Forecasters are bad at forecasting, study finds

A few days before important economic data comes out -- housing starts, unemployment, durable goods orders, etc. -- analysts guess where they're going to end up. Usually, they're not right on the money. And now, it turns out, their errors are almost predictable.

The research team at Goldman Sachs put out a paper Thursday morning analyzing the magnitude and direction of "surprise" in every release of data -- that is, the difference between the consensus expectation of economists polled by Bloomberg and where the indicator actually fell. They found that the forecasts tend to underestimate the outcome for several months in a row, and then overestimate it for several months in a row. In other words, if the forecasts were overly optimistic in one month, they're more likely to be overly optimistic the next month, as well.

That's surprising, because you might expect economists to adjust their forecasts based on being wrong the last time. Instead, they seem to think they were still close to right, until they finally change their minds and overcompensate in the other direction.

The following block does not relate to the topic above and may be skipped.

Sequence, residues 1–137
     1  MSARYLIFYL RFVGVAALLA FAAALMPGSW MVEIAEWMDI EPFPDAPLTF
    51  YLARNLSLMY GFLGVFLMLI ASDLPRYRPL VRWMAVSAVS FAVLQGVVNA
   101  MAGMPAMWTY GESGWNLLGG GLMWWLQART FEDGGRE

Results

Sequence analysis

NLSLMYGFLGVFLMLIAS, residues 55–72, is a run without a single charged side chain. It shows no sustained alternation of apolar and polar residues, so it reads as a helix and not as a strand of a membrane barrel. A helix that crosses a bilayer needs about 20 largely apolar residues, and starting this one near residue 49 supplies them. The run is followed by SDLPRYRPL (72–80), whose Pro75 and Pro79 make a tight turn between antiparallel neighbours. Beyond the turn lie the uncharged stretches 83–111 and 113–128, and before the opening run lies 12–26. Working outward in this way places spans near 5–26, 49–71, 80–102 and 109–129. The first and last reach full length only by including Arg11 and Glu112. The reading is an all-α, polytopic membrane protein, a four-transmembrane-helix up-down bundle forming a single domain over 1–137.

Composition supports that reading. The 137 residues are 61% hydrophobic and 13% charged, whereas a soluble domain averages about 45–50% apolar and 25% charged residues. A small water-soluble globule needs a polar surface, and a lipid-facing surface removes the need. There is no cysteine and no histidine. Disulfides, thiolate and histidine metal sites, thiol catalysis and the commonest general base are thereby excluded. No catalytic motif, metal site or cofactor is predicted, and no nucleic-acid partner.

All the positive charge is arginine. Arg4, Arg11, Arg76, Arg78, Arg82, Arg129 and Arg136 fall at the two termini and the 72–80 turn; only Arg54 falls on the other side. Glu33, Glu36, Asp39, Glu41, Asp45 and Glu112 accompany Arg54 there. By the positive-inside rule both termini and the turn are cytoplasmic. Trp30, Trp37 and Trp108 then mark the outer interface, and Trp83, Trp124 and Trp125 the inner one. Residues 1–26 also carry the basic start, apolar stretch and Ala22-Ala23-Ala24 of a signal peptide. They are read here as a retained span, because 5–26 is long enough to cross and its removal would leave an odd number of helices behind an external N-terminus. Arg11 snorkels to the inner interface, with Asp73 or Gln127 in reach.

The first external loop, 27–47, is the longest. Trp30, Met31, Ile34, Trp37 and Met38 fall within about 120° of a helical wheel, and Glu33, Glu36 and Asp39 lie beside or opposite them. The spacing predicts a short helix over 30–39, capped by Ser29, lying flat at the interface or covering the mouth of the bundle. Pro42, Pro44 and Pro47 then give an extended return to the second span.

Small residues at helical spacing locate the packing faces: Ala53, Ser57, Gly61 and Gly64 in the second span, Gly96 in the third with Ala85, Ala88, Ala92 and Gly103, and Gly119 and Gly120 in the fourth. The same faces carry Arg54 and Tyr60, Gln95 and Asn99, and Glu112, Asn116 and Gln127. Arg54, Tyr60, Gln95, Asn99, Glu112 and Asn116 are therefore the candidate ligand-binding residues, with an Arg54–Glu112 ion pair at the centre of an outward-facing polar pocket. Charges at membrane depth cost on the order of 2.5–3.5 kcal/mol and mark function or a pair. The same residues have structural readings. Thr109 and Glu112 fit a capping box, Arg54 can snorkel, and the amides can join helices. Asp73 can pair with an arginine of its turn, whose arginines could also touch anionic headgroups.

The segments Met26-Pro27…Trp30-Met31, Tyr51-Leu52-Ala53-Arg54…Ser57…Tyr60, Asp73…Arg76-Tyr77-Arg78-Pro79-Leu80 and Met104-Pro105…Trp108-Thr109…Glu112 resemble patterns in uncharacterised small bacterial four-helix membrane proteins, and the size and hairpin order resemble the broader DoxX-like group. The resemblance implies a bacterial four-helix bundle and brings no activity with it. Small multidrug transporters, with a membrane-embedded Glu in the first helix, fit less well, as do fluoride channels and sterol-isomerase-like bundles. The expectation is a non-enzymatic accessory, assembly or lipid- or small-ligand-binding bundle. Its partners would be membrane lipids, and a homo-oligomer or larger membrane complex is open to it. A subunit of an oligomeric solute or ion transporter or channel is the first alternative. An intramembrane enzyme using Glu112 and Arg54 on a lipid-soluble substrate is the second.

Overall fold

And guess what? The phenomenon seems to have gotten more pronounced in recent years. Here's the measure of the "autocorrelation," or the degree to which one consensus forecast will match up with the previous one:

That probably happened because the economic shocks of the last four years have just been so much greater than those of the relatively smooth years before them, and analysts have a harder time adjusting to structural changes.

Why does this matter? In part, because markets react to the difference between whether an indicator exceeds or disappoints analysts' expectations. So if you know that the forecast is more likely to be wrong in the same way that it was last month, you can make bets on the market reaction that are more likely to be right.

Mostly, though, it's just an interesting window into how people who are supposed to be able to tell where the economy is going have their own blind spots. And it will be fascinating to note, after realizing that bias, whether they adjust to get rid of it.

Lydia DePillis is a reporter focusing on labor, business, and housing. She previously worked at The New Republic and the Washington City Paper. She's from Seattle.

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